Release No. 93-014
Scientists Gather for 24th Lunar and Planetary Science Conference
Scientists from around the world will meet in Houston to discuss research covering the universe at the 24th Annual Lunar and Planetary Science Conference March 15-19 at the Johnson Space Center.
More than 700 researchers will converge at JSC's Gilruth Center for five days of presentations that will include data from Venus provided by the Magellan spacecraft; new information from the Galileo spacecraft now approaching Jupiter after a high speed pass by the Moon and Earth; and recent findings about the Chicxulub crater off the Yucatan Peninsula which many believe could explain the demise of dinosaurs on Earth.
"Even after 24 years, the conference gets more interesting every year," said Douglas Blanchard, chief of JSC's Solar System Exploration Division. "This year the program is especially strong and covers an interesting variety of planetary topics. We expect that our colleagues will once again find the conference a rich source of new data and ideas."
The public is invited to a special discussion about planetary science March 15 at 8 p.m. in Olin E. Teague Auditorium, Bldg. 2 at JSC. James Arnold of the University of California at San Diego will present "Cosmic Rays Probe Planetary Objects" and Maria Zuber of Johns Hopkins University will discuss "Gravity and Topography Fields of the Terrestrial Planets."
Other conference presentations are: March 15, 8:30 a.m. -- Basaltic Achondrites; A Geology of Venus--A Tribute of Valery Barsukov; Solar System Origins; and Impact Cratering and Shock Metamorphism. 1:30 p.m. -- Solar, Cosmic Ray and Dynamical Studies; Venus Volcanism; and Manson: The Hole and Shocking Story. Barsukov, who died in July 1992, was vice president of the International Union of Geological Sciences and a frequent keynote speaker on Soviet and Russian planetary exploration. The session of Solar, Cosmic Ray and Dynamical Studies will be dedicated to James R. Arnold, a pioneer in the study of cosmic-ray-produced radionuclides in extraterrestrial materials, who will be celebrating his 70th birthday.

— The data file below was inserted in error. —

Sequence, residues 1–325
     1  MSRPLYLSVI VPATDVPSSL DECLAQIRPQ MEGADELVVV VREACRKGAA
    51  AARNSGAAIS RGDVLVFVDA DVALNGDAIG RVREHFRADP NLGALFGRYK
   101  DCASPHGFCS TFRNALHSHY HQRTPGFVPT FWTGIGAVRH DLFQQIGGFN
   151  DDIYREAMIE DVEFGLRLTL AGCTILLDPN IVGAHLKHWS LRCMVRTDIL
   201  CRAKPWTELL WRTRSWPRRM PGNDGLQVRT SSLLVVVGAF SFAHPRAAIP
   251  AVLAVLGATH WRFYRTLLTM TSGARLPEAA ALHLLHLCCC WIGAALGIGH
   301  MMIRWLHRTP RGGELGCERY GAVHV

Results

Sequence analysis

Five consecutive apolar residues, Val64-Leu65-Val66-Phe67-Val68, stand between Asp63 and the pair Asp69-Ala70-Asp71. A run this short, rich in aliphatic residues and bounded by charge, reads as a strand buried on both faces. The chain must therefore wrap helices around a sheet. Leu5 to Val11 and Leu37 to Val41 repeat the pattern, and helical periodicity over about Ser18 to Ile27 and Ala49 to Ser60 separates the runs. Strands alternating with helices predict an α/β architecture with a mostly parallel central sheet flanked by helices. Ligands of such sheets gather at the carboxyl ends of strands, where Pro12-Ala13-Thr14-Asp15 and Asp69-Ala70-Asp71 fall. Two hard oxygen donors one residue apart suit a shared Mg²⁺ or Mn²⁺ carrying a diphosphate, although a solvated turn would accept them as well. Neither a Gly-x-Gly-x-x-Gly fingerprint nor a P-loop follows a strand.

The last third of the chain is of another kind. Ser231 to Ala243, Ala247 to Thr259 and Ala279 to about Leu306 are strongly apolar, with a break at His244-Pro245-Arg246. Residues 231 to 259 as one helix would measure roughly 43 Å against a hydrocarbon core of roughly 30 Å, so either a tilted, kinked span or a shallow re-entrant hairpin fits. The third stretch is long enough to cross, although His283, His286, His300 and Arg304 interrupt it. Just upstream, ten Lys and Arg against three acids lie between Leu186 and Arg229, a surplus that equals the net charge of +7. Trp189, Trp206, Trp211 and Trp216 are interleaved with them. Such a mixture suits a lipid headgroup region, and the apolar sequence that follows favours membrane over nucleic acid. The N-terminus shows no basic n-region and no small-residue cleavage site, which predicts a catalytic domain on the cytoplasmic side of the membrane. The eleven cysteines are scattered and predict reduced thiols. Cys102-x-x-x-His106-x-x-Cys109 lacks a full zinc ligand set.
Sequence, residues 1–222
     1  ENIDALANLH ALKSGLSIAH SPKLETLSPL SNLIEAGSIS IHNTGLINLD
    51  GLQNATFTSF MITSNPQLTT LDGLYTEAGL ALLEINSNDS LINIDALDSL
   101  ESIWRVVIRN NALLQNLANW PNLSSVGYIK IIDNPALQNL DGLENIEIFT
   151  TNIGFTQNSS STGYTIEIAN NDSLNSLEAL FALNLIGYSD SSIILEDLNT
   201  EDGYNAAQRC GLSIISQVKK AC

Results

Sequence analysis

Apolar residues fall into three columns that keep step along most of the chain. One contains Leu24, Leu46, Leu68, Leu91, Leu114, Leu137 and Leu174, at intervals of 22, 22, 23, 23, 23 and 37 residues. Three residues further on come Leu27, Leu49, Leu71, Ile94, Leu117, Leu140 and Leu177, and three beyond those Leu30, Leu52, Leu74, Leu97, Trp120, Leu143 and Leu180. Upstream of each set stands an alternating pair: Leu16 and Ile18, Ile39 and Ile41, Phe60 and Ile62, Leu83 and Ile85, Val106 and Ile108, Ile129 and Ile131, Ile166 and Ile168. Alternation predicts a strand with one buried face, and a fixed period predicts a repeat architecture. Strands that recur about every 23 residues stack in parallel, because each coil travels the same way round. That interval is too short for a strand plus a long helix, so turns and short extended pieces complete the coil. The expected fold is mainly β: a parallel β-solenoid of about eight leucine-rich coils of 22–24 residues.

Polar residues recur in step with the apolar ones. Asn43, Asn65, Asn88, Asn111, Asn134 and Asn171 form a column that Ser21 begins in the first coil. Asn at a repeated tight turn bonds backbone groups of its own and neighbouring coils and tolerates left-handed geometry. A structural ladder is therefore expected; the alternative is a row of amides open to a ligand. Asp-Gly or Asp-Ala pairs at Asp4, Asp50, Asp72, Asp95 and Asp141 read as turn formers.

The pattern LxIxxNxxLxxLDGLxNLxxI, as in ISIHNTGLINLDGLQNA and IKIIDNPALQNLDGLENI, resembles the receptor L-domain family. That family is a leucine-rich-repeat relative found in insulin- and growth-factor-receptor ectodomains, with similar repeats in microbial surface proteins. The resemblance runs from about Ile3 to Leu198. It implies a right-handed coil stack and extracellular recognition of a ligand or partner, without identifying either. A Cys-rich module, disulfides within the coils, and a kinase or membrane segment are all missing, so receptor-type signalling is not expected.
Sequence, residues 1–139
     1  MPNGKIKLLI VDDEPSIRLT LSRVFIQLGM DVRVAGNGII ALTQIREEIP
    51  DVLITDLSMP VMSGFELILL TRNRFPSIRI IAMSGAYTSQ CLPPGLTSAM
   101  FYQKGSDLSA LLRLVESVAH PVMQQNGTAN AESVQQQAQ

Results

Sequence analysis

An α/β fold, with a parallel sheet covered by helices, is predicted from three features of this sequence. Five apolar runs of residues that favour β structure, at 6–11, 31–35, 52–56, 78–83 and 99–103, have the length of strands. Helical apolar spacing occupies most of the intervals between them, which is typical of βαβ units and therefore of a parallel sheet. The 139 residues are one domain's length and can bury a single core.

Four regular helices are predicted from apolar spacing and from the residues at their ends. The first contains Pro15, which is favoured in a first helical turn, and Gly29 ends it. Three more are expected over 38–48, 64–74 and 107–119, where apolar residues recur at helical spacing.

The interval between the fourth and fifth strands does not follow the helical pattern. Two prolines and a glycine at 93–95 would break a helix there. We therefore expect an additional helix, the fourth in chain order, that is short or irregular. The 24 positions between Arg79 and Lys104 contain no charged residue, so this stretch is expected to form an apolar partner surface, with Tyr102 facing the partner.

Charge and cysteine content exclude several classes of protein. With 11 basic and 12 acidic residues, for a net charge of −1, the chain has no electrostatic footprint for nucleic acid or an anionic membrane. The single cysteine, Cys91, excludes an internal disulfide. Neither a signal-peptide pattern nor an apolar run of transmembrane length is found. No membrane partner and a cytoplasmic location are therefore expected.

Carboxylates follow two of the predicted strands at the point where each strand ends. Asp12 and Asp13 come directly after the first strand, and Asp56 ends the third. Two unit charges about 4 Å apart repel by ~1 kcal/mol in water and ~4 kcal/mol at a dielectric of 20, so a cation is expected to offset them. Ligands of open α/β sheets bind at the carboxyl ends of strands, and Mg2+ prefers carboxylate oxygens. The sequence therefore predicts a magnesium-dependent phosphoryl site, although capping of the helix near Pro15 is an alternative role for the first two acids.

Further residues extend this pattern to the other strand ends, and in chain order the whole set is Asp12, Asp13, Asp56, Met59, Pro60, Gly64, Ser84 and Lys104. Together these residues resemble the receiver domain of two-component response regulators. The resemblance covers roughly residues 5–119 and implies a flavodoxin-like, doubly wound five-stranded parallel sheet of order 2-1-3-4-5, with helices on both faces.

March 16, 8:30 a.m. -- Primitive Achondrites; Venus Resurfacing and Tectonics; Chicxulub, KT Boundary and Other Impact Ejecta; and Remote Sensing/Space Weathering. 1:30 p.m. -- Meteorites and Volatiles; Venus Gravity from Magellan and Mars Geophysics; Large Impact Events--Theory and Observations and Galileo Earth/Moon Results; and Martian Geomorphology. The session on Meteorites and Volatiles will honor the service of Don Bogard as Planetary Materials and Geochemistry Discipline scientist.
March 17, 8:30 a.m. -- Interplanetary Dust--Laboratory Studies and Results from Spacecraft; Martian Surface Mineralogy and Spectroscopy; and Moon Rocks--From the Highlands to the Maria to Antarctica. 1:30 p.m. -- Ordinary and Enstatite Chondrites; Mars--Tectonism and Volcanism; and Lunar Volcanic Glasses and Regolith. 5:30 p.m. -- COMPLEX Plenary: Integrated Strategy for Planetary and Lunar Exploration from 1995 to 2010.
March 18, 8:30 a.m.--Carbonaceous Chondrites and Chondrules; Mars--Surface and Atmospheric Processes; Lunar Geology; and Asteroid and Planetary Core Formation and Metal-Rich Meteorites. 1:30 p.m. -- Stars, Stardust and Isotope Anomalies; Outer Solar System; and Future Lunar Exploration.
March 19, 8:30 a.m. -- Calcium-Aluminum-rich Inclusions (CAIs) and Heat Sources for Chondrule/CAI Melting; Comets and Asteroids; and Educating Young People in Earth and Planetary Sciences.
In addition to the daily sessions, scientists will participate in the two Poster Sessions set for 7-9 p.m. Tuesday and Thursday at the Lunar and Planetary Institute.
The conference is co-sponsored by the Lunar and Planetary Institute and JSC. All sessions are at JSC's Gilruth Center except when otherwise noted.
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